VA: Marijuana Decriminalization Group Forms In Hampton Roads

Ron Strider

Well-Known Member
Thanks to this region, the effort to decriminalize marijuana in Virginia just got a major push.

A Hampton Roads chapter of the National Organization for the Reform of Marijuana Laws launched this week. Dozens of people showed up for the kickoff event in Virginia Beach.

This will be the group's seventh chapter in the state, but it will likely be one of the largest, said Jenn Michelle Pedini, executive director for Virginia.

"It's an enormously progressive and populous metro, and lawmakers in this metro clearly support reform," she said of Hampton Roads.

The group will hold social and educational events and get involved at the state level to promote the decriminalization and regulated use of marijuana, said Jasmine Washington, leader for the new local organization.

She hopes to involve more members of minority communities in the group too.

In Virginia, National Organization for the Reform of Marijuana Laws chapters are focused on decriminalization and expanding medical uses for marijuana.

Legalization is the ultimate goal, but it will likely take a long time, Pedini said.

In this year's General Assembly session, Portsmouth Del. Steve Heretick presented a bill that would make possessing small amounts of marijuana a civil charge instead of a criminal misdemeanor and eliminate the possibility of jail time. It didn't pass.

Local decriminalization advocates also want laws to allow for the use of marijuana and cannabis oil as medical treatment. It could be used for chronic conditions, like Crohn's Disease, multiple sclerosis, post-traumatic stress disorder and cancer.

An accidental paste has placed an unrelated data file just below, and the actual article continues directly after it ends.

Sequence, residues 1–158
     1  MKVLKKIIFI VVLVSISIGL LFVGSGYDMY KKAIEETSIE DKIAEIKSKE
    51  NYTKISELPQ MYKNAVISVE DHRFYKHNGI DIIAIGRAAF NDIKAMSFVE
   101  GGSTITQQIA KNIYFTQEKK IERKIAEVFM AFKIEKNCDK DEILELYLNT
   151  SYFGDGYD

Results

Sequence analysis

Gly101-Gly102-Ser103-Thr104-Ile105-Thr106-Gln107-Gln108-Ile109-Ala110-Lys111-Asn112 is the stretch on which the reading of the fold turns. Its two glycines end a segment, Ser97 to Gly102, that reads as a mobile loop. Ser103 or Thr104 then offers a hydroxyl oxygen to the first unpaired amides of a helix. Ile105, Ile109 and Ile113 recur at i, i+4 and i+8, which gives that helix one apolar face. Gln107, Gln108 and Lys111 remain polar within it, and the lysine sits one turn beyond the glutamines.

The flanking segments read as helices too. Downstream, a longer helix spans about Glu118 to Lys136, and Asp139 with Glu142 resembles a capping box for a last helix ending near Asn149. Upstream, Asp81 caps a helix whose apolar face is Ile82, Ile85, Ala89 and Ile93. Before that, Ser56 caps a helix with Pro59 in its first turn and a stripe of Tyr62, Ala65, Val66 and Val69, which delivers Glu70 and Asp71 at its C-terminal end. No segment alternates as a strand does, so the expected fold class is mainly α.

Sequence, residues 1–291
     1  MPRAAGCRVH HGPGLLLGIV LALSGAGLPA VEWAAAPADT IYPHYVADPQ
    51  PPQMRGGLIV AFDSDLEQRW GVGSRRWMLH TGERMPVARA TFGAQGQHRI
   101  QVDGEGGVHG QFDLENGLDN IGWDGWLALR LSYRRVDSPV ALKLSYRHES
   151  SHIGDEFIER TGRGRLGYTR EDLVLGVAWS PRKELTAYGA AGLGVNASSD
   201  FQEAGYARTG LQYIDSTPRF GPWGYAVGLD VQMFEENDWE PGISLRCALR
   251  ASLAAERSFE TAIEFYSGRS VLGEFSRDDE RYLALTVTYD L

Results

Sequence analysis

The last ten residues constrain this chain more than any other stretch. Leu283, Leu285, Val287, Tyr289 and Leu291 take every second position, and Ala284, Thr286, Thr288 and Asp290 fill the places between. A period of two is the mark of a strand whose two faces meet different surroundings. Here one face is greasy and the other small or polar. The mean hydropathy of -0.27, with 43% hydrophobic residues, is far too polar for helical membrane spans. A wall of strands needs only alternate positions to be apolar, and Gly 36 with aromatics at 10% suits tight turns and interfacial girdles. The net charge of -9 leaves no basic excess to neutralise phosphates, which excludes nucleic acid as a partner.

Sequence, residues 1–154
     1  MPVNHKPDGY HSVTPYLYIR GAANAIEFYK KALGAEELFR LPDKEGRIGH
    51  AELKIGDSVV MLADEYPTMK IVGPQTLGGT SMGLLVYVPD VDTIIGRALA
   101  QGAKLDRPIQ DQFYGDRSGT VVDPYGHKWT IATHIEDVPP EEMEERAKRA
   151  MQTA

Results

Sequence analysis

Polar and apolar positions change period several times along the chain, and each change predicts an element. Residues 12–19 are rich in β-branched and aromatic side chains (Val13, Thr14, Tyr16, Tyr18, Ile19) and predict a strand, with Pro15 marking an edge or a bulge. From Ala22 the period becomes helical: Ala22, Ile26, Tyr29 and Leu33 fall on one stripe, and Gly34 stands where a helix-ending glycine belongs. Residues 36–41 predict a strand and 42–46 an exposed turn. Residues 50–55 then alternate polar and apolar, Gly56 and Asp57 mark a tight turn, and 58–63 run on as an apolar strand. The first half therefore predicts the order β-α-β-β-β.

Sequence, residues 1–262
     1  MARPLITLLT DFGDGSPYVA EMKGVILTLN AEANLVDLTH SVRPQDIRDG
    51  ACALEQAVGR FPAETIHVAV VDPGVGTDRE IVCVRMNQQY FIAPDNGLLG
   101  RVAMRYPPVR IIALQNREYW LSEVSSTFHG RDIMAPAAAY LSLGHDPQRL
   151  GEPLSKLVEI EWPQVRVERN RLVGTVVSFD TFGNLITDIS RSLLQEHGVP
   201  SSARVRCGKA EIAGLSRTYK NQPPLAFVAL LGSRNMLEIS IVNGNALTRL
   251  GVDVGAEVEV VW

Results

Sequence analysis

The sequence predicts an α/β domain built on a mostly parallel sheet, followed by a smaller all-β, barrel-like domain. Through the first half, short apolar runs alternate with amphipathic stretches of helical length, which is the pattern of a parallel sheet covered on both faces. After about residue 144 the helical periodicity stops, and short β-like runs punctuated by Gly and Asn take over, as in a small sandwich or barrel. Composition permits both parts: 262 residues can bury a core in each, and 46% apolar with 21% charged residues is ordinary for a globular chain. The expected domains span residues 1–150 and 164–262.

The state already allows cannabis oil to be used to treat some types of epilepsy.

Decriminalizing marijuana is a hot topic in Virginia politics.

Lt. Gov. Ralph Northam, the Democratic candidate for governor, supports decriminalization, saying current laws unfairly target black Virginians and can be a drain on public safety resources. And the state's most powerful Republican, House Majority Leader Tommy Norment of Williamsburg, pushed for a study on decriminalizing marijuana in the General Assembly's last session.

Ed Gillspie, Northam's Republican opponent, doesn't support decriminalization but said the penalties should be reformed so they "align appropriately to the offense committed," according to a statement from campaign spokesperson Dave Abrams.

The Virginia Crime Commission is currently studying decriminalization, and a group of lawmakers will examine expanded use of medical marijuana.

State Sen. Lynwood Lewis, who represents parts of Virginia Beach and the Eastern Shore, said the state's studies of marijuana are a big step for decriminalization efforts.

"In Virginia we move in slow steps," he said. "But we are moving."


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